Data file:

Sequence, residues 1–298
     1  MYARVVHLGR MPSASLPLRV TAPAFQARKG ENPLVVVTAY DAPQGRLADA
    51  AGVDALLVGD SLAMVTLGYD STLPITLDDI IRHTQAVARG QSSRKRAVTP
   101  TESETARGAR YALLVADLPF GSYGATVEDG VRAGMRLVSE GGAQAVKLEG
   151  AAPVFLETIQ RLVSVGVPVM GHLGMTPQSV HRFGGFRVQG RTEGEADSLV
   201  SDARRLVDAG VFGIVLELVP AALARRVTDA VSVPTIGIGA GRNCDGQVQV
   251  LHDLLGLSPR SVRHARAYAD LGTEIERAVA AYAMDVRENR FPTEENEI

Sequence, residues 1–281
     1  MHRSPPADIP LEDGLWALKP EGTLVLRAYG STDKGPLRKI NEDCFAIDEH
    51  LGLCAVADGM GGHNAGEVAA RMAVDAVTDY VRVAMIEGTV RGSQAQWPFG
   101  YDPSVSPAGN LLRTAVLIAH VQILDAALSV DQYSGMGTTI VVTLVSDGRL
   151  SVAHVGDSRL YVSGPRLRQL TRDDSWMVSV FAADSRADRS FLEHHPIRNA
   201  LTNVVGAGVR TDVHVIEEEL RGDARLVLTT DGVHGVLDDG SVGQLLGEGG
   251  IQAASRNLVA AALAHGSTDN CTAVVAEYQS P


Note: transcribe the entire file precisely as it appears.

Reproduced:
Sequence, residues 1–298
     1  MYARVVHLGR MPSASLPLRV TAPAFQARKG ENPLVVVTAY DAPQGRLADA
    51  AGVDALLVGD SLAMVTLGYD STLPITLDDI IRHTQAVARG QSSRKRAVTP
   101  TESETARGAR YALLVADLPF GSYGATVEDG VRAGMRLVSE GGAQAVKLEG
   151  AAPVFLETIQ RLVSVGVPVM GHLGMTPQSV HRFGGFRVQG RTEGEADSLV
   201  SDARRLVDAG VFGIVLELVP AALARRVTDA VSVPTIGIGA GRNCDGQVQV
   251  LHDLLGLSPR SVRHARAYAD LGTEIERAVA AYAMDVRENR FPTEENEI

Sequence, residues 1–281
     1  MHRSPPADIP LEDGLWALKP EGTLVLRAYG STDKGPLRKI NEDCFAIDEH
    51  LGLCAVADGM GGHNAGEVAA RMAVDAVTDY VRVAMIEGTV RGSQAQWPFG
   101  YDPSVSPAGN LLRTAVLIAH VQILDAALSV DQYSGMGTTI VVTLVSDGRL
   151  SVAHVGDSRL YVSGPRLRQL TRDDSWMVSV FAADSRADRS FLEHHPIRNA
   201  LTNVVGAGVR TDVHVIEEEL RGDARLVLTT DGVHGVLDDG SVGQLLGEGG
   251  IQAASRNLVA AALAHGSTDN CTAVVAEYQS P